Seminar
Epigenetic views of life and evolution: Evidence from genomics, methylomics, and transcriptomics in bacteria

When
17 October 2017
17:00

Duration
1 hour

Speaker:
Ichizo Kobayashi, PhD

Graduate School of Frontier Sciences, University of Tokyo, Japan
Institute of Medical Science, University of Tokyo, Japan
Faculty of Medicine, Kyorin University, Japan


Host: Elsa Anes e Filipa Vale
Where:
Faculdade de Farmácia, Universidade de Lisboa
Amphitheater B
 

The currently dominating model for adaptive evolution is selection from diverse genome sequences. Rather, diverse epigenomes may be regarded as the units of adaptive evolution. Indeed there are increasing lines of evidence for trans-generation epigenetic inheritance in multicellular eukaryotes. We explore this possibility in unicellular bacteria, in which germ-line cells can be equated with somatic cells, to the first approximation, such as Helicobacter pylori responsible for stomach cancer.

One form of bacterial immunity, restriction-modification (RM) systems, distinguishes between self and non-self, based DNA on epigenetic base methylation. We found RMs’ attack on host bacteria can increase their relative frequency (fitness) and proposed that they are selfish mobile elements just as viruses and transposons. Target sequence recognition domain (TRD) of several types of RMs move within a gene, between genes and beyond taxonomic barriers, changing sequence-specificity in DNA methylation systems.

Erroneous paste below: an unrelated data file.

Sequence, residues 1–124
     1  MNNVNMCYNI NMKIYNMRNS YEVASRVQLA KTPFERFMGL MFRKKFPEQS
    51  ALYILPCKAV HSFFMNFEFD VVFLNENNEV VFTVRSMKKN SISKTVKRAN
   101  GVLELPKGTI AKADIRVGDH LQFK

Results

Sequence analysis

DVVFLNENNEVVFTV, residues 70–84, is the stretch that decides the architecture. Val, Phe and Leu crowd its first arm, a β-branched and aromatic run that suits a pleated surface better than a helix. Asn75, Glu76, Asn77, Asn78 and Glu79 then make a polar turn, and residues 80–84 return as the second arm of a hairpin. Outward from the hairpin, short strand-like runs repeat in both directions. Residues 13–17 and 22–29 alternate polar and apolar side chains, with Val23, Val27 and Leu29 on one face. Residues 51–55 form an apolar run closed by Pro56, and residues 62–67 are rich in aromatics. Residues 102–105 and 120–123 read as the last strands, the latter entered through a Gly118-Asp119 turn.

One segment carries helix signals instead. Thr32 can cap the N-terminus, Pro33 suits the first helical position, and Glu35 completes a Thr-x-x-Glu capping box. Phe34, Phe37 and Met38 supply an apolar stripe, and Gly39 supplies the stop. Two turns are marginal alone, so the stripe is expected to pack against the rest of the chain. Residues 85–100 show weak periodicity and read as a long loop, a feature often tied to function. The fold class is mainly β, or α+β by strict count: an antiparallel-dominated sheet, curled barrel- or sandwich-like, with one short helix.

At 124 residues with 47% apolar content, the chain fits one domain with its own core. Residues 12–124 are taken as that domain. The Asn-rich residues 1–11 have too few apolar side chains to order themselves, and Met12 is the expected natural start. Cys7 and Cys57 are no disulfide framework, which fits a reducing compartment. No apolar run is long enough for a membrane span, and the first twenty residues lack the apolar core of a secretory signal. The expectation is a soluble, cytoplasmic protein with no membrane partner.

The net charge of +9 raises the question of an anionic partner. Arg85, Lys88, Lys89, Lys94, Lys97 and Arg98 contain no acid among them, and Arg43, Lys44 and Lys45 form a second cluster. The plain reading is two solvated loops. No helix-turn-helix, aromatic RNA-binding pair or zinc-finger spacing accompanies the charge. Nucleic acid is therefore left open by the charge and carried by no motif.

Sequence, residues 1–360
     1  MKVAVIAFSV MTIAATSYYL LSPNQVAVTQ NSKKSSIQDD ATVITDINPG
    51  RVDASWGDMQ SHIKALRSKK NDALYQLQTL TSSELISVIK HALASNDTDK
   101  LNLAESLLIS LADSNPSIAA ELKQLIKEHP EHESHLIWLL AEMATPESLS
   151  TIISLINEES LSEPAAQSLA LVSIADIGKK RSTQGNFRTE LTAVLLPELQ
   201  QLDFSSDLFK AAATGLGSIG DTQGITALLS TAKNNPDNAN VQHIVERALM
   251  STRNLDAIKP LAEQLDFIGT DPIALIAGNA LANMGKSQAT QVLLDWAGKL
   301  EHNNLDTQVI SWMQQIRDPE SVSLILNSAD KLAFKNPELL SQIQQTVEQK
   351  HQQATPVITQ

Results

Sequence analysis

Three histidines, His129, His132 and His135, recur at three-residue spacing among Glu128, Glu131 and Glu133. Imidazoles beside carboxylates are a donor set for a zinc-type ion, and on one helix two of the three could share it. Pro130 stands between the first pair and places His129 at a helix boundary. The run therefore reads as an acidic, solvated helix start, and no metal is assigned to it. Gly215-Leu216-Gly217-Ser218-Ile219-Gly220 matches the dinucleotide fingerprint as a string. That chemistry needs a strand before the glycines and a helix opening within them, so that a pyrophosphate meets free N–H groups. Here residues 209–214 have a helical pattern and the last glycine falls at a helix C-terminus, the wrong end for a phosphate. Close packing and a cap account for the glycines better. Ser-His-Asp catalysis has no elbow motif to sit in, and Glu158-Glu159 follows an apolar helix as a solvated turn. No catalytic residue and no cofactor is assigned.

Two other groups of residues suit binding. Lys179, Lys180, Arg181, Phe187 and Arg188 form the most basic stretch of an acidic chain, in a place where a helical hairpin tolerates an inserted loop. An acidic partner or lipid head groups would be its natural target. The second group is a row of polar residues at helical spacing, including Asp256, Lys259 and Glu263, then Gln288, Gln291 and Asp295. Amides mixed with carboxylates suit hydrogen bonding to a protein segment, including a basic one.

Many of H. pylori’s RM systems (20-30 per 1.6 Mb genome) frequently change their TRDs and generate millions of diversity in DNA methylome. DNA methylation locally affects gene expression. The ever-changing methylome may change transcriptome and, therefore, adaptive phenotype sets. Our works involving genome decoding, methylome decoding (by single-molecule real-time sequencing in a PacBio machine), transcriptome analysis (RNA-seq) and phenotype analysis support this hypothesis of epigenome-based adaptive evolution. The emerging gene regulation network with many DNA methyltransferases continues changing through changes in their sequence specificity pursuing adaptation — a FIREWORK model for adaptive evolution.

 

Events_17.09.17

https://www.ncbi.nlm.nih.gov/books/NBK63963/

Ichizo Kobayashi Google Scholar Citations